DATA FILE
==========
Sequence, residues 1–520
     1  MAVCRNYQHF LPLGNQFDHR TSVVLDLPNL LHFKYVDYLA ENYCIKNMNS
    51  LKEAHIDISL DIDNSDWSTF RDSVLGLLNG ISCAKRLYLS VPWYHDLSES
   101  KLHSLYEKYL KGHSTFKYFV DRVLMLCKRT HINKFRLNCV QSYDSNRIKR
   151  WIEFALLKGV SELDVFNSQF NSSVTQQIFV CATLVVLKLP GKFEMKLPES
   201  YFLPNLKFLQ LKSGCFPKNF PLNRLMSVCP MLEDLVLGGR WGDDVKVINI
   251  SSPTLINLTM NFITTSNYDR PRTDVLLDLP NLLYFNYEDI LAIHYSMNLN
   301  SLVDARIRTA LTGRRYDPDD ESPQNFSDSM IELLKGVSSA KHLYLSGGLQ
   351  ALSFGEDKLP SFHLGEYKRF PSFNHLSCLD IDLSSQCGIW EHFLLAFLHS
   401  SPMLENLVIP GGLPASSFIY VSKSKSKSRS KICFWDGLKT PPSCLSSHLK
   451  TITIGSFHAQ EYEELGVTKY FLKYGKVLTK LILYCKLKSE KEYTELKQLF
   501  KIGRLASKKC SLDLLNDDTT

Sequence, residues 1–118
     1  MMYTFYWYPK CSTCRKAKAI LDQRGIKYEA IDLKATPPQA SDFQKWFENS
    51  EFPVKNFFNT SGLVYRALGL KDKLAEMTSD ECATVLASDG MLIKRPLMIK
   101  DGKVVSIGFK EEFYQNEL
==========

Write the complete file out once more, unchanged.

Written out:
Sequence, residues 1–520
     1  MAVCRNYQHF LPLGNQFDHR TSVVLDLPNL LHFKYVDYLA ENYCIKNMNS
    51  LKEAHIDISL DIDNSDWSTF RDSVLGLLNG ISCAKRLYLS VPWYHDLSES
   101  KLHSLYEKYL KGHSTFKYFV DRVLMLCKRT HINKFRLNCV QSYDSNRIKR
   151  WIEFALLKGV SELDVFNSQF NSSVTQQIFV CATLVVLKLP GKFEMKLPES
   201  YFLPNLKFLQ LKSGCFPKNF PLNRLMSVCP MLEDLVLGGR WGDDVKVINI
   251  SSPTLINLTM NFITTSNYDR PRTDVLLDLP NLLYFNYEDI LAIHYSMNLN
   301  SLVDARIRTA LTGRRYDPDD ESPQNFSDSM IELLKGVSSA KHLYLSGGLQ
   351  ALSFGEDKLP SFHLGEYKRF PSFNHLSCLD IDLSSQCGIW EHFLLAFLHS
   401  SPMLENLVIP GGLPASSFIY VSKSKSKSRS KICFWDGLKT PPSCLSSHLK
   451  TITIGSFHAQ EYEELGVTKY FLKYGKVLTK LILYCKLKSE KEYTELKQLF
   501  KIGRLASKKC SLDLLNDDTT

Sequence, residues 1–118
     1  MMYTFYWYPK CSTCRKAKAI LDQRGIKYEA IDLKATPPQA SDFQKWFENS
    51  EFPVKNFFNT SGLVYRALGL KDKLAEMTSD ECATVLASDG MLIKRPLMIK
   101  DGKVVSIGFK EEFYQNEL